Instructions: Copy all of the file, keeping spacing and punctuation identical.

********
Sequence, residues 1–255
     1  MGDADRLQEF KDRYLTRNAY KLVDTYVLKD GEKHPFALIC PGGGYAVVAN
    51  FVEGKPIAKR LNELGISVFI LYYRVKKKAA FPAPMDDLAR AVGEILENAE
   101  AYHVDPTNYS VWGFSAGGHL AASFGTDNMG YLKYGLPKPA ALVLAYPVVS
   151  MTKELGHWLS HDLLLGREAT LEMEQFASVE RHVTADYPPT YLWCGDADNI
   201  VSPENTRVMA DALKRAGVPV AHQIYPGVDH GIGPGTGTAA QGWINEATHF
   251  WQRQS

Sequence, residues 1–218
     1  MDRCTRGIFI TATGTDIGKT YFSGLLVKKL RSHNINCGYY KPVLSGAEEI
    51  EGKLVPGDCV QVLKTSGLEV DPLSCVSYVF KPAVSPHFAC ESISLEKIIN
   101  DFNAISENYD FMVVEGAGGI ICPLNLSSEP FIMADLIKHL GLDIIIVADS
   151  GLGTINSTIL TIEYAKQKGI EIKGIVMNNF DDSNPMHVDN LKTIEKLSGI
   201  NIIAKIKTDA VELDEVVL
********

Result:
Sequence, residues 1–255
     1  MGDADRLQEF KDRYLTRNAY KLVDTYVLKD GEKHPFALIC PGGGYAVVAN
    51  FVEGKPIAKR LNELGISVFI LYYRVKKKAA FPAPMDDLAR AVGEILENAE
   101  AYHVDPTNYS VWGFSAGGHL AASFGTDNMG YLKYGLPKPA ALVLAYPVVS
   151  MTKELGHWLS HDLLLGREAT LEMEQFASVE RHVTADYPPT YLWCGDADNI
   201  VSPENTRVMA DALKRAGVPV AHQIYPGVDH GIGPGTGTAA QGWINEATHF
   251  WQRQS

Sequence, residues 1–218
     1  MDRCTRGIFI TATGTDIGKT YFSGLLVKKL RSHNINCGYY KPVLSGAEEI
    51  EGKLVPGDCV QVLKTSGLEV DPLSCVSYVF KPAVSPHFAC ESISLEKIIN
   101  DFNAISENYD FMVVEGAGGI ICPLNLSSEP FIMADLIKHL GLDIIIVADS
   151  GLGTINSTIL TIEYAKQKGI EIKGIVMNNF DDSNPMHVDN LKTIEKLSGI
   201  NIIAKIKTDA VELDEVVL